Mormons are not Christians.
Let’s all get over that right now. Joseph Smith’s argument was that he was restoring the Church to the way it was supposed to have been all along. Joseph’s claim was that the Church was in total apostasy. Joseph Smith was claiming something unique in the two millennia of Church-State sponsored excommunicationing, confession-torturing, and public stake-burnings that was by then calling itself “Christianity.” Joseph Smith was claiming the whole tradition had departed from its founding principles. Mormons believe that the entire, combined history of today’s Christianity is doctrinally unsound and lacking in authority.
You wouldn’t think so by how hard Mormons now cling to the notion that they’re just another branch of the Christian religion. In their minds of course, they’re actually claiming to be the one, true Christian religion. But then, that’s what everyone else is claiming. We’re right and you guys are all wrong. We have authority and you don’t. I am the Rock, I am Peter. I was founded by Paul. I have 95 reasons why you’re all screwed up so I’m going to reform the Church. Divine Providence has guided us to just these right interpretations of just these right scriptures in just this right version of the Bible and led us to just this right land to prosper, and we’re the only ones who remained true to preserve the true faith.
The thing calling itself Christianity today is not the same as the thing being called Mormonism–even by Mormon standards. Serious problems arise when Mormons start teaching their version of the “gospel,” and lo and behold, the Christian investigator notices it departs wholesale from what they’ve been taught their whole life. Even without the predictable priming of the investigator by their professional Christian clergy or anti-Mormon propagandists, it is inevitable that anyone brought up to believe the conventional Christian storyline will conclude that Mormons are not Christians in the same way everyone else seems to be Christians–and that the Mormons are probably trying to pull a fast one on them. Or they surmise that Mormons are just stupid and don’t know the difference. Which is mostly true in either case.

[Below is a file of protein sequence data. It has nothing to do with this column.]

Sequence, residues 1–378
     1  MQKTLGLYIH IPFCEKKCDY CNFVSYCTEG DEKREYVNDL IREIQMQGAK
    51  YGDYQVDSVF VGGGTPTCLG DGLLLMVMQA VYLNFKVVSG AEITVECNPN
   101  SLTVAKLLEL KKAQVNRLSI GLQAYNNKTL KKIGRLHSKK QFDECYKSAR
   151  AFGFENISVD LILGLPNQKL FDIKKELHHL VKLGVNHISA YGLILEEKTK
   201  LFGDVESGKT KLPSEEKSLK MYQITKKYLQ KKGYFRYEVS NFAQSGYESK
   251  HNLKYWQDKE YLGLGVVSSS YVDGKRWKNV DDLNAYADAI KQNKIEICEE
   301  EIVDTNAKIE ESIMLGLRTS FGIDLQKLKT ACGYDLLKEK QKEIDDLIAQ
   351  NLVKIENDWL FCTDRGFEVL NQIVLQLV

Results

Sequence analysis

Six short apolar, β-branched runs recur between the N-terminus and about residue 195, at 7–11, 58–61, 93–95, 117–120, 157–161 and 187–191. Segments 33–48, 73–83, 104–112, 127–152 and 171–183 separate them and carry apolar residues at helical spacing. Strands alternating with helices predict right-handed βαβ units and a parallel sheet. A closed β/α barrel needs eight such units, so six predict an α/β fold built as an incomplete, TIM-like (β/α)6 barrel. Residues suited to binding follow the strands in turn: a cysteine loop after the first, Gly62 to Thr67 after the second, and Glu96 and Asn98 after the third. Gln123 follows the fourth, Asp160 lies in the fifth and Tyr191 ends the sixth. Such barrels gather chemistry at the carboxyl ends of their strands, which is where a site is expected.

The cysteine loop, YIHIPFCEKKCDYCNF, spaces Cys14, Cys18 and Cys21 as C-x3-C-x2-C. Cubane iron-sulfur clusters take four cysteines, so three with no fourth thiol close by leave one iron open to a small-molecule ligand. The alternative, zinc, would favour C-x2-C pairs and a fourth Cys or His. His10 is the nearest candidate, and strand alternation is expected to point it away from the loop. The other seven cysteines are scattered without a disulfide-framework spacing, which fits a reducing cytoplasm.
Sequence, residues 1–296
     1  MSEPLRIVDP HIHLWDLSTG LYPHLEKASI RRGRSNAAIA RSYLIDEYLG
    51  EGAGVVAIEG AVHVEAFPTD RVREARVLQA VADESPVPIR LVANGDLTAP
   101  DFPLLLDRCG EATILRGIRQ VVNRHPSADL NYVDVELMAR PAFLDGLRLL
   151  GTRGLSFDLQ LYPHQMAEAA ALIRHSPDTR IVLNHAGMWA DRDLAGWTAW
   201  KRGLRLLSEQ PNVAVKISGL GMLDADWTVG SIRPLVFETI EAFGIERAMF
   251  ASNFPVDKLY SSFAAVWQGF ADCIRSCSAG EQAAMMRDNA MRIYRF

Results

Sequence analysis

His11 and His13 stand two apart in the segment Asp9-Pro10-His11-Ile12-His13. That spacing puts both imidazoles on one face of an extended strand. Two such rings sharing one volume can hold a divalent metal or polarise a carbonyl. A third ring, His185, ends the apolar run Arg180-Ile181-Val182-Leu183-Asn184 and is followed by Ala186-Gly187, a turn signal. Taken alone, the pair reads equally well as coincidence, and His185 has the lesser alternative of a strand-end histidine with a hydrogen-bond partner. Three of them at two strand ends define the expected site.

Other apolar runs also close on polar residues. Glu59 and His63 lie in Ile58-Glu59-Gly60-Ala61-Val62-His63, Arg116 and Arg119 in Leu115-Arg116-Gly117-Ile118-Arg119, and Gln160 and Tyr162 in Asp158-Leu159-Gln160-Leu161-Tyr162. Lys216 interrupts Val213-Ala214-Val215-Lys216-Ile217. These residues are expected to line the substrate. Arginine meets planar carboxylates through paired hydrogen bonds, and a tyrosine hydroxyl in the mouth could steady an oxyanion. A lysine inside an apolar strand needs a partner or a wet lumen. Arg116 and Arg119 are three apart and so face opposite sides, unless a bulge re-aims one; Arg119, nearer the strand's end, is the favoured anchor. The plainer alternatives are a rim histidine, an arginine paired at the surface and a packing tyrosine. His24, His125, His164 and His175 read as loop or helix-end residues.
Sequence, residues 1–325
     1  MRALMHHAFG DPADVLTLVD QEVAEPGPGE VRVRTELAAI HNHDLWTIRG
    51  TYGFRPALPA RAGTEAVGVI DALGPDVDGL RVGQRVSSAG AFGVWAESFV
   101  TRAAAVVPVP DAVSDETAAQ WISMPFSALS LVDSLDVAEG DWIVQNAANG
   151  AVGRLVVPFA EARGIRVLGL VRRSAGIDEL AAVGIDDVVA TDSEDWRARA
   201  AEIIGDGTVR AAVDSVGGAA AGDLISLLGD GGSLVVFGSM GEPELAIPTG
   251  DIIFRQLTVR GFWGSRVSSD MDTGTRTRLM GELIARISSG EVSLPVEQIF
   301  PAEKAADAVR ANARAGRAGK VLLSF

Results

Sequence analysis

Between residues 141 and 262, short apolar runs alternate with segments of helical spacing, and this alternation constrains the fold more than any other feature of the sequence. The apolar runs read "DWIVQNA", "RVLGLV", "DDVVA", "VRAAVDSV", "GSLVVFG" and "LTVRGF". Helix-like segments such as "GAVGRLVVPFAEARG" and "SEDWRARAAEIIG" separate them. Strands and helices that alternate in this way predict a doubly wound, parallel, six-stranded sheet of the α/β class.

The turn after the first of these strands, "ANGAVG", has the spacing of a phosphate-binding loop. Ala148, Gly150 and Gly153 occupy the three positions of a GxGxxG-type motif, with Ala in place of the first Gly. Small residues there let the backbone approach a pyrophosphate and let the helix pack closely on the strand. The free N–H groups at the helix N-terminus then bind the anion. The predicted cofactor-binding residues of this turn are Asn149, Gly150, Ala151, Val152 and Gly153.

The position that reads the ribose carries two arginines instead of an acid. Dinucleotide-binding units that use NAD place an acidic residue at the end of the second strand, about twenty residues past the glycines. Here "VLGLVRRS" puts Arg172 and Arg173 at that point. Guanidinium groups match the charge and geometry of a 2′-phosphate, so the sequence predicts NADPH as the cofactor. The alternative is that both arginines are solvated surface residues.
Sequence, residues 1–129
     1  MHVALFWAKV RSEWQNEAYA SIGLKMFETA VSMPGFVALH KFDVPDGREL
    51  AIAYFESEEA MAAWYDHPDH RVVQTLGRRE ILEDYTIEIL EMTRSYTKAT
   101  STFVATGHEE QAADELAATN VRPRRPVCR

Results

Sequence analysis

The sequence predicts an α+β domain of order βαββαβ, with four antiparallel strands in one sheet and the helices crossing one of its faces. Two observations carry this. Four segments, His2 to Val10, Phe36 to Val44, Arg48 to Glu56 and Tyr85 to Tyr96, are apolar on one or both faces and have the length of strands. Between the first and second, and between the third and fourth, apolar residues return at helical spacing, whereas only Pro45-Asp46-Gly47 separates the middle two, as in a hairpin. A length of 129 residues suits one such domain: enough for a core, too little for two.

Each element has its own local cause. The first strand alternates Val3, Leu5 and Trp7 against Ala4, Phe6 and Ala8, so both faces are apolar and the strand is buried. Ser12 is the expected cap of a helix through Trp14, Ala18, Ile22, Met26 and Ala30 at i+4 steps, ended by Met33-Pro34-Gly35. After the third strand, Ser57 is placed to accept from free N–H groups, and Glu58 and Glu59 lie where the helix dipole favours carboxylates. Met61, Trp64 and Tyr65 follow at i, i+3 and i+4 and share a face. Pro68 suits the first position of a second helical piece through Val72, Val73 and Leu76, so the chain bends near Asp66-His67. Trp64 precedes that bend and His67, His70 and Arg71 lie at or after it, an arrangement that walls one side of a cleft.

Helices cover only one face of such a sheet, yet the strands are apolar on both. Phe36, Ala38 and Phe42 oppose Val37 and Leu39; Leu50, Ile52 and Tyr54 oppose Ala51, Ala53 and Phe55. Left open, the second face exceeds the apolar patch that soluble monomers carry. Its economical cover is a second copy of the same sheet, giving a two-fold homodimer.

Since Christians believe they all go to heaven and everyone else goes to hell, the schooled Christian will most of the time just stay safely on the historically Christian side of the debate. Why explore the “fullness” of the gospel, when the gospel you already have is sending you to heaven anyway? For this reason, the Mormon missionary program actually targets those without clear Christian or other religious backgrounds, gives a very broad, generic, rosy sales pitch, begs the hapless, ignorant, spiritually ambivalent investigator to pray about it, and while in some self-induced, emotional, cathartic, faux-religious conversion mode they are challenged, almost dared to jump immediately into the baptismal font. They are urged to just pick up the rest of what they’re going to have to believe after they’re already committed to being a Mormon in principle. It takes the discerning human being of any stripe about five minutes to figure out that this is a buy-now-pay-later religious special-of-the-week sort of marketing program. The investigator rabbits off to the safety of what they already know, or don’t know as the case may be. After all, if it sounds too good to be true, it probably is.
The Mormons designing these recruitment drives and even all the instructional manuals, church magazines and those running the doctrinal curriculum of the Mormon church, don’t know a thing about Christianity, much less how a Christian thinks or feels. They don’t know much about how any normal human being feels, because they’re Mormons. Mormons aren’t only not Christians, they’re just not normal. They are a self-selecting, self-taught closed little sample of one particular (deliberately peculiar) type of human being they’ve self-defined to be God’s particular favorite type of human being. They’ve either been raised to be ignorant of the world at large, or are eagerly cultivated into their contrived peculiarity after being hand-picked by the Mormon recruiting system in which like begets like, ignorance cultures ignorance, and the cultureless beget a complete lack of culture. They become special because they are like everyone else in the club. They are unimpressive as individuals, but absolutely brilliant as herd animals.
Chairman Mao said that sooner or later every revolution goes conservative. He maintained that the communist revolution had to be constantly refreshed and purged of intellectuals and thinkers and anyone who might sit back on their laurels and start thinking about “What’s in if for me then?” Or worse yet, “Hey, isn’t this capitalist thing better than what we’ve got going here after all?” In the 1960’s Mao rallied all the communist youth to fink on their elders, raid and destroy anything not Chinese, anything not communist. Art, music, technology, philosophy, it was all burned if it wasn’t determined to be Chinese or communist enough. Anyone who had the brains or memory or experience to raise an intelligent argument in favor of preserving world knowledge and universal beauty, was sent to a re-education camp. All the intellectuals were sent to the rice paddies. The same sort of thing took place the moment all the bright and eargerly converted Mormon Swedes and Norwegians and English and Danish and Scottish pioneers entered the Salt Lake Valley. They stopped being Swedes and Norwegians and English and Danish or Scottish, Catholic, or Protestant, and Brigham Young re-educated them into becoming Mormons.